“Roughly speaking it was very crude. I wanted to become the most famous and wealthiest yoga teacher on the planet. And to some degree I attained those goals. There were some models I had. I was working in the organization of John Friend, and in those days before 2012 John Friend had obviously achieved those goals. He was famous worldwide and was earning a good income and he was much loved and invited to many venues. I thought I could duplicate what he had achieved, so I focused in that direction. I had a certain aptitude that I was developing at the same time that was a little bit different than John’s aptitude. My aptitude was in the realm of yoga philosophy and yoga history, learning to be a dynamic lecturer for those topics, organizing the information in such a way that people would be excited about it, learning to speak the language of a variety of audiences, learning to develop material that was languaged in a certain way, especially at the visual level because I was doing a lot of work with imagery, making that accessible to people. So that was my daily work, at the same time reaching out to people and developing contacts in the yoga world so that I could work in venues that were high profile venues, mostly festivals and yoga conventions. And then writing for high profile publications, approaching publications and visualizing that kind of work before I achieved it.
How did you become committed to your goals and vision?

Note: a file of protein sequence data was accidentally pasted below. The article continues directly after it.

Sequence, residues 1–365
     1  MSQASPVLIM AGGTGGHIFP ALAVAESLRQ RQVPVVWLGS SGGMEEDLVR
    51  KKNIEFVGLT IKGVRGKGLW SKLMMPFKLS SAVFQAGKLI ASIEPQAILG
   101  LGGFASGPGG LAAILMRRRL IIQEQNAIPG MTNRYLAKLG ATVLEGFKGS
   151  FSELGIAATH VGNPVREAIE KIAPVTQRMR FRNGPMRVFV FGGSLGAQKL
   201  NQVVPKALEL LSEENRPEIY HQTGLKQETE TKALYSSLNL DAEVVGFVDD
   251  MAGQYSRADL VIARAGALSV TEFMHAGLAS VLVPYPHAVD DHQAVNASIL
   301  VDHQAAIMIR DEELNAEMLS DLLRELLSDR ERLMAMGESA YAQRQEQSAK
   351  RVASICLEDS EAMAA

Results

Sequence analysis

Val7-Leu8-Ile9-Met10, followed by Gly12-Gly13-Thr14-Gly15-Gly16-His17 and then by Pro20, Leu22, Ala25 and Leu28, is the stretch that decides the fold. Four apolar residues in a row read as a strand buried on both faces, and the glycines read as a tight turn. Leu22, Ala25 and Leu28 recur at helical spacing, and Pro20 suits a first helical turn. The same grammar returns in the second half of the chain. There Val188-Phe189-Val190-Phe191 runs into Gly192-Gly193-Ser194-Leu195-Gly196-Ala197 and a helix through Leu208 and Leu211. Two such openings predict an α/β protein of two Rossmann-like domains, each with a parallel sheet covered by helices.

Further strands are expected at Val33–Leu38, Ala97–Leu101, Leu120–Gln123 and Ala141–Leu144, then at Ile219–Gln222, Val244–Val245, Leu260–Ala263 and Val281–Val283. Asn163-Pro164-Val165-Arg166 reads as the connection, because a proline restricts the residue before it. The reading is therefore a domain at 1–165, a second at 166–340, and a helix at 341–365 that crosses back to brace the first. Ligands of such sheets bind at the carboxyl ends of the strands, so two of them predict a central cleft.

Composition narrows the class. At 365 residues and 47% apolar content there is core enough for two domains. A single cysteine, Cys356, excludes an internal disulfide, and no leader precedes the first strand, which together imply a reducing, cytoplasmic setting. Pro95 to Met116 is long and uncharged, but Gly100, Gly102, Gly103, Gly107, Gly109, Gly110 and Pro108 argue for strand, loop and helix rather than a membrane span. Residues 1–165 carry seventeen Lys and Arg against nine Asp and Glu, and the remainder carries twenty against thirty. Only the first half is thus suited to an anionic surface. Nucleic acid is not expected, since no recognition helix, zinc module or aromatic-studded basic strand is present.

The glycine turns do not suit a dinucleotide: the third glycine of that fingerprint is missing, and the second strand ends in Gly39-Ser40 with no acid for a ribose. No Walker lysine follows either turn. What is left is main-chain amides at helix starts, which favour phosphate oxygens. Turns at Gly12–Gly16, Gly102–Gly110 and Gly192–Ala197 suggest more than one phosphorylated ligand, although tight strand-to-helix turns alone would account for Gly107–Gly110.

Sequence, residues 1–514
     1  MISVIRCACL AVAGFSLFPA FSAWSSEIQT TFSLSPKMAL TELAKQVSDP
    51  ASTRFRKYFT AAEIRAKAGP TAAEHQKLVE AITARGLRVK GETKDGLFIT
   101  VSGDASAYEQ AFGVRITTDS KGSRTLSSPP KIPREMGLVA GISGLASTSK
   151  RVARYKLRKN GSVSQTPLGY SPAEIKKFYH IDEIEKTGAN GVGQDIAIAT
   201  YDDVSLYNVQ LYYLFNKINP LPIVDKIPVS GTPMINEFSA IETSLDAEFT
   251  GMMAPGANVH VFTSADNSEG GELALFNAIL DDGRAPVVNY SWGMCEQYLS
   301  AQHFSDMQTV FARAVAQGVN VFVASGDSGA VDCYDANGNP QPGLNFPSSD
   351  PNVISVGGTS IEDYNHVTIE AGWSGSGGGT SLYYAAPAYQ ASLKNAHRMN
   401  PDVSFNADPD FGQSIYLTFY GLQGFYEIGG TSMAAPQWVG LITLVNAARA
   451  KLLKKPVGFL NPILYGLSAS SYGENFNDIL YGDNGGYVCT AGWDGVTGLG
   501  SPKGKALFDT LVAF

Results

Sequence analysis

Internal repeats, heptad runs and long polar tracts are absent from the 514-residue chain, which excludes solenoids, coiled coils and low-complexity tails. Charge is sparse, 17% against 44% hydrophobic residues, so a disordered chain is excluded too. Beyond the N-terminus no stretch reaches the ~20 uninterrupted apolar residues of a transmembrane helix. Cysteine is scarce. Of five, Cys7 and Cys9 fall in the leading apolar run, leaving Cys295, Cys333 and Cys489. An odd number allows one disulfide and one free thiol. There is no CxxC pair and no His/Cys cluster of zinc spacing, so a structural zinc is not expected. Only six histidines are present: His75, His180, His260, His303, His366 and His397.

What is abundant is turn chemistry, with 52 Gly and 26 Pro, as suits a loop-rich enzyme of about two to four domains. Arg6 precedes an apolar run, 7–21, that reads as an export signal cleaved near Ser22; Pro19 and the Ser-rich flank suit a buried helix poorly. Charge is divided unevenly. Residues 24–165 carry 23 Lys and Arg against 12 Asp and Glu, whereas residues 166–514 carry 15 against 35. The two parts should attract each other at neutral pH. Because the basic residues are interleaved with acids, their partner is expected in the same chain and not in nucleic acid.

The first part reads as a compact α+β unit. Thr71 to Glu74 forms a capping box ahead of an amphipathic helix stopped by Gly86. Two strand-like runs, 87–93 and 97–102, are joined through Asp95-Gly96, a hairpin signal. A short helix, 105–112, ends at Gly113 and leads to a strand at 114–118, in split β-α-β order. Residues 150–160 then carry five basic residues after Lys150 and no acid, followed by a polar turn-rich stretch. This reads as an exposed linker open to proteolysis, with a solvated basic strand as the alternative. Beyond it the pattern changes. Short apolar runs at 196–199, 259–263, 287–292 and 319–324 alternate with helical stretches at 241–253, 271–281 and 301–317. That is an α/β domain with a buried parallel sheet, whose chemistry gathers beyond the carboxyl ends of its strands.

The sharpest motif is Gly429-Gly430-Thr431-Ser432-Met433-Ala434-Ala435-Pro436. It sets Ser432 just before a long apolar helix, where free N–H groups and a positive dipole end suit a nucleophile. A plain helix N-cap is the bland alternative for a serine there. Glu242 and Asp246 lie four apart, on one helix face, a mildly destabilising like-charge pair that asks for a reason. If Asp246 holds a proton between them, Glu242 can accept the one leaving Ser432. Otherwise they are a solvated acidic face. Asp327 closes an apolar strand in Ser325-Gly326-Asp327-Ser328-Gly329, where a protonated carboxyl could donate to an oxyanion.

“A lot of it was vanity, a lot of it was my small ego. I wanted validation. There were ways in which my small ego wanted validation from others. I would suggest that those operations are not necessarily to be eschewed. We all grow in our own way and our small ego wants things, our big ego wants things, we want things for selfish reasons we want things for generous reasons. We work passionately towards our goal regardless of our motivations, and that passion, that winnowing process of learning what works and what doesn’t work, and what voice inside your are good to listen to and what voices are not good to listen to. The nature of the universe is the same for all of us and we all will be shaped by it. What is less effective will be dropped and what is more effective will be kept. I wouldn’t be the first to confess that I didn’t start with the most altruistic motivations, but I didn’t start with the least altruistic motivations either. I deeply wanted to serve and I deeply believed and still believe that yoga is a saving force in the world, and I was serving a master I respected, that is, yoga as a master. I was serving people, and I was teaching people and I was leading people to truth at the same time I was leading myself to greater truth. So even though there was a lot of ego involved, there was a lot of selfishness involved in my own personal motivations, there was also a lot of altruism involved, and my best foot was being put forward, and my most expansive vision was being exercised. I think by degrees I have dropped more and more of my small ego, and I have surrendered, definitely surrendered more and more to what is most generous and what is most open and what is most giving in my work. And of course that is only made my work succeed more, made me more happy. So I am a great advocate of starting where you’re at. As a great swami said ‘do it for the worst reasons, eventually you will do it for the best reasons.’ And that’s definitely the story of my evolution as a yoga teacher.